Joint Chiefs chairman warns of rise in military suicides

By Bryan Bender|Boston Globe

After surviving the horrors of war, soldiers face the ongoing battle of fitting in a peaceful setting. If you know one, do your best to ensure a soldier is not alone.

WASHINGTON — The nation’s top military officer said yesterday that he expects suicides by service members, already alarmingly high, and other family crises to increase in the coming months as large numbers of troops return to their bases after years of multiple deployments.

“I think we are going to see a significant increase in the challenges that we have in terms of our families,’’ Admiral Mike Mullen, the chairman of the Joint Chiefs of Staff, told reporters at a breakfast sponsored by the Christian Science Monitor.

With the drawdown of US forces in Iraq accelerating, service members are finally beginning to receive a respite from frequent back-to-back tours of duty since 2003 — particularly for Army and Marine Corps units.

For bases such as Lewis-McChord, an Army and Air Force installation in Washington state, that means an influx of soldiers and aviators. “I was taken aback that at Fort Lewis by the end of October, 36,000 troops will be back,’’ Mullen said. “We have never had that many troops there, certainly not since 2003.’’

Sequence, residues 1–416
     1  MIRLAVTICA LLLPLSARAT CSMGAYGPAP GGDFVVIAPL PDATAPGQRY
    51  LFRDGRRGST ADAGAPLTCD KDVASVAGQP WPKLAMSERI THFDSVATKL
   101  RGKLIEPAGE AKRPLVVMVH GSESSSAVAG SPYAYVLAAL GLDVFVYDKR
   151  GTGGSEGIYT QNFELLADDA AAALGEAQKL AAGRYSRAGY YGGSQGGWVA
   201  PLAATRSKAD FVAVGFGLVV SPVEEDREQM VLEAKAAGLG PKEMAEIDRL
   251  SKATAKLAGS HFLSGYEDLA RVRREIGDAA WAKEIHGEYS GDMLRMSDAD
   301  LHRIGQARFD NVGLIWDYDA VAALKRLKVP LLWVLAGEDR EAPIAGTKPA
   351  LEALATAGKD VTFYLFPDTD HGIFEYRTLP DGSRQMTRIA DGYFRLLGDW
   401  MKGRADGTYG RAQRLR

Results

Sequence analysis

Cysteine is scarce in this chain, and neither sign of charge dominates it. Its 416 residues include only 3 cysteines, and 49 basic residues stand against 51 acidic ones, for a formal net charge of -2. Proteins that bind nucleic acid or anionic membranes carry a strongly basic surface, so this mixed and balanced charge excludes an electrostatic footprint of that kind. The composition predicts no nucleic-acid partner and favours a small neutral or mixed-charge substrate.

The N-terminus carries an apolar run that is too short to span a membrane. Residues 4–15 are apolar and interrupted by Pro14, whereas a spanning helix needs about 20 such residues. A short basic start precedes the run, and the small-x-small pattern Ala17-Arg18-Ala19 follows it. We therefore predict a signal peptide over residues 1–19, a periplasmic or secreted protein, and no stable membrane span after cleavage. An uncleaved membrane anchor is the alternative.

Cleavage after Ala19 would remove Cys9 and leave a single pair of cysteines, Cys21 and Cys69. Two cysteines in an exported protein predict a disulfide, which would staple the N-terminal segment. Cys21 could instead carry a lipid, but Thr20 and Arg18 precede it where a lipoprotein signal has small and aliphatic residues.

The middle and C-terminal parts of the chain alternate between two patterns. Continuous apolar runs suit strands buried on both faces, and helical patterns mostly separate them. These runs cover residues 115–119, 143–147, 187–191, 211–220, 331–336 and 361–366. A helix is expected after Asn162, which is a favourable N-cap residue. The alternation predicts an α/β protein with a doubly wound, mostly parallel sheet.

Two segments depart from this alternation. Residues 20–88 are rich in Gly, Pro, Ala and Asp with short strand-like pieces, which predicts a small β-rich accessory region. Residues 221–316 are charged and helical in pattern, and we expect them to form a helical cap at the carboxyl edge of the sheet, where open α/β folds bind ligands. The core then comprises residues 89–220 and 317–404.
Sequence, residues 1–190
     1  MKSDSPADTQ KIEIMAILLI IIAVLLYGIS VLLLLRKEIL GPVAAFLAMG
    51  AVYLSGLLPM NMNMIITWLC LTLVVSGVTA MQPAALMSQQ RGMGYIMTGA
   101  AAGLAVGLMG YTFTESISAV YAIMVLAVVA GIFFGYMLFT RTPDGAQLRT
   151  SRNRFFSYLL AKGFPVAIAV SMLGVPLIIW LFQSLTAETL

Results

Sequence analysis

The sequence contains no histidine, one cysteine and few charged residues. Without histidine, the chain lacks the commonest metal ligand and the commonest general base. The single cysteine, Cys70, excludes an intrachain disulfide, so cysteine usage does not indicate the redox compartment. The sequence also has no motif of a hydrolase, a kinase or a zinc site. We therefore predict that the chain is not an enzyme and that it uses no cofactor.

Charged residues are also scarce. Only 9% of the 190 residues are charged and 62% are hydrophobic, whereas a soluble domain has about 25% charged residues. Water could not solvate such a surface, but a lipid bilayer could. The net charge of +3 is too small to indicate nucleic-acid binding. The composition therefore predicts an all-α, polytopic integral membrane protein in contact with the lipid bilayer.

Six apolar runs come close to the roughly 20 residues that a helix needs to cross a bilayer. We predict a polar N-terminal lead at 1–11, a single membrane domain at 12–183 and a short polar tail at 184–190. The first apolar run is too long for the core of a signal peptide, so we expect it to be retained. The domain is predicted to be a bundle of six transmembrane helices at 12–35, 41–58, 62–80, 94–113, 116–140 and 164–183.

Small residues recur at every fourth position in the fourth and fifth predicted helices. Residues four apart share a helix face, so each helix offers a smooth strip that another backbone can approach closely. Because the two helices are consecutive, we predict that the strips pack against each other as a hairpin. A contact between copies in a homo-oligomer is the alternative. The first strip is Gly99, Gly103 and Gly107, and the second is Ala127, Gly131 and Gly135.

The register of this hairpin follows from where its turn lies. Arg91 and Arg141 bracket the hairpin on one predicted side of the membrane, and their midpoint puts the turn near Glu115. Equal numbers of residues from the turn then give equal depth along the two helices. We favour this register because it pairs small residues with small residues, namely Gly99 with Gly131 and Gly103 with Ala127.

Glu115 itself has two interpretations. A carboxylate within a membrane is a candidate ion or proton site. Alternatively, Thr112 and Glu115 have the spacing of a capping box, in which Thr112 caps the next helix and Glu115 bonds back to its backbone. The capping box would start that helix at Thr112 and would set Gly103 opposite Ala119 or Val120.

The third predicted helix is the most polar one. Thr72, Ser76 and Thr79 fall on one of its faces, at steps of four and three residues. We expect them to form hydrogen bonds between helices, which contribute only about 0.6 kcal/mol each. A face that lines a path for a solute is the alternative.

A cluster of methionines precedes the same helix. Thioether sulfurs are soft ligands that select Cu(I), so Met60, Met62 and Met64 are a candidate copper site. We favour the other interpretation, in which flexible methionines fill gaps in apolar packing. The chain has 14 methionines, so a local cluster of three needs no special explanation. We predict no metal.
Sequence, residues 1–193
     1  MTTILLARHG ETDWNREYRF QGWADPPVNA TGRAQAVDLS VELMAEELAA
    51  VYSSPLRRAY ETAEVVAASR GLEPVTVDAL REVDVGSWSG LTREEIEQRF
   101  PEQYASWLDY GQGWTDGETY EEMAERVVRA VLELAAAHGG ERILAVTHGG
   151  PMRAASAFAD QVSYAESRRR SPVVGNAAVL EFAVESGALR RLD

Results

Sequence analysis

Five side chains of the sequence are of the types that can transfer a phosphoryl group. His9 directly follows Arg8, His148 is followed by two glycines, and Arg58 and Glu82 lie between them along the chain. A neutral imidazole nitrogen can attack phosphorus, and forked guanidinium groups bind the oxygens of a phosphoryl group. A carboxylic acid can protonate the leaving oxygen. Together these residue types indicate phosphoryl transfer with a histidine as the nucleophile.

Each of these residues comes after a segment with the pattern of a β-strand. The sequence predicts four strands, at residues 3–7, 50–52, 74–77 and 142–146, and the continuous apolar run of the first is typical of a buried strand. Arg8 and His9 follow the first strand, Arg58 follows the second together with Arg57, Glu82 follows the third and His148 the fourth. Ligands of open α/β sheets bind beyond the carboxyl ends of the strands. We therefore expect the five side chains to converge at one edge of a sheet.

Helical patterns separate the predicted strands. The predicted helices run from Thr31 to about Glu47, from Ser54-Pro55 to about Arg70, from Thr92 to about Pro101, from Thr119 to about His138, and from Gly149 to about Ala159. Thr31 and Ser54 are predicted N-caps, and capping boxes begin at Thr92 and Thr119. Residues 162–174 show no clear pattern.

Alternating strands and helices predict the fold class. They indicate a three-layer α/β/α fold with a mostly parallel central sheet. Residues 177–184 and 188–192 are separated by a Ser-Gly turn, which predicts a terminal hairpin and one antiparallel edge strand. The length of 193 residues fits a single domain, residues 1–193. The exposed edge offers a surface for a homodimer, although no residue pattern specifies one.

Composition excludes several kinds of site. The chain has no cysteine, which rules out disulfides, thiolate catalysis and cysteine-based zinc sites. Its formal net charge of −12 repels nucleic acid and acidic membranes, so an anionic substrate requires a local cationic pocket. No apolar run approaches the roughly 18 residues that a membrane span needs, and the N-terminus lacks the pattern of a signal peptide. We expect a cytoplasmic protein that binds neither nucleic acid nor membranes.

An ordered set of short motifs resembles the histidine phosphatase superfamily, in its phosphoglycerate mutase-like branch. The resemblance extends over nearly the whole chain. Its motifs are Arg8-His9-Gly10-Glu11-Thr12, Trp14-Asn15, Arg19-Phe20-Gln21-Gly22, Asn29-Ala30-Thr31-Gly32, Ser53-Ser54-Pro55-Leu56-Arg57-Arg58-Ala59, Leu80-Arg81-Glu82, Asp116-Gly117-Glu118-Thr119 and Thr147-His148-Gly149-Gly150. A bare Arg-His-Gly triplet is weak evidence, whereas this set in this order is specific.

Yet that also means commanders must deal with a large number of troops with significant personal challenges who are back for the first extended period with their families.

Mullen remains particularly concerned about suicide rates, which have gone up in every branch of the military since 2004 and have hit record highs in the Army, which has borne the brunt of repeated deployments.

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